From Content Tourist to Quitting – How People Quit WoW

One thing I’ve avoided engaging with too much has been the idea of player loss during Battle for Azeroth.

While it is true that the game has likely lost players (the most recent quarterly MAU metrics revealing a 8.5% loss across all Blizzard games), the thing I think that is tricky to breach from this side of the fence is why that might be.

I’ve written at length about the various issues in Battle for Azeroth, from the bizarre grindiness of Azerite to the lack of overall quality in the expansion, but yet I think discussing leaving players requires something else.

Why do people quit playing WoW? Well, it is hard to say in all cases, and obviously we don’t have all the data that Blizzard does about that. Given that, I want to approach today with anecdotal examples from my personal friend/acquaintance circle. I imagine if all of us that write about WoW were to do this, the results would be a fascinating cross-section, but the plural of anecdotes is not data.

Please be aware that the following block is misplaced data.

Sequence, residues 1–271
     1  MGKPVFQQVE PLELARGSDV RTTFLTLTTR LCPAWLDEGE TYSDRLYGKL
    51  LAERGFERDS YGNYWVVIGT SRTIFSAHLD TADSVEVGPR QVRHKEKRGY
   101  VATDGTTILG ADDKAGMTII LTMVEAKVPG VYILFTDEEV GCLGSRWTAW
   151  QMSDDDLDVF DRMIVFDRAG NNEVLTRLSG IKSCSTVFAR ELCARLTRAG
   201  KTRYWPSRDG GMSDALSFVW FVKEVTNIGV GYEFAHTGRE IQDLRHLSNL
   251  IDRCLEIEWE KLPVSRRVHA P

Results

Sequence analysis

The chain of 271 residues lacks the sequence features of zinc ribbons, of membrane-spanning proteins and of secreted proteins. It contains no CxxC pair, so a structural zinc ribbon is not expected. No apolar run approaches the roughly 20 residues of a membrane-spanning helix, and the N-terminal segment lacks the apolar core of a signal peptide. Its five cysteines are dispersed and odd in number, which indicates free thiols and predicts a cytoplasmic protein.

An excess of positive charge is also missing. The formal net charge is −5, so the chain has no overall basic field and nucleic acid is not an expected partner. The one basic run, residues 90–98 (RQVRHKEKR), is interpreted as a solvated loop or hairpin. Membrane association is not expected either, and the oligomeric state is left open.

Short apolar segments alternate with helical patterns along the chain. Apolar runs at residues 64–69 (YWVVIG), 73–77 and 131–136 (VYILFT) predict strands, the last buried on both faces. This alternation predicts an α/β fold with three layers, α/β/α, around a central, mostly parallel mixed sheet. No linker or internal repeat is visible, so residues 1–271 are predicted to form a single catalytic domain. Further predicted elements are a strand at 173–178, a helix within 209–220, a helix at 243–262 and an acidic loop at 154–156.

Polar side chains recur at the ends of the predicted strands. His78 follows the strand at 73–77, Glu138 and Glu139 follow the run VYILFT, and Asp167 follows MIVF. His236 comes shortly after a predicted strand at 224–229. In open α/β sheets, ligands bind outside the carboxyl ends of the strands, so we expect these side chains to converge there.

With that said, I am going to talk through a few examples of player archetypes I’ve encountered.

The Main Story Tourist

While I will never quite understand this type of player, because it isn’t how my brain works, this type of WoW player generally returns for the beginning of an expansion, levels one or maybe two characters to the level cap, maybe does some endgame content (but rarely raids), and then leaves for the interceding two years. You might think this player type would be highly casual and only interested in WoW as something of a curiousity, but I know a variety of players like this. From hardcore-wrote-in-notebooks-about-farming-mats-in-Vanilla types, to more casual raiders, to those who simply want to see the new zones, there is a lot of ground here.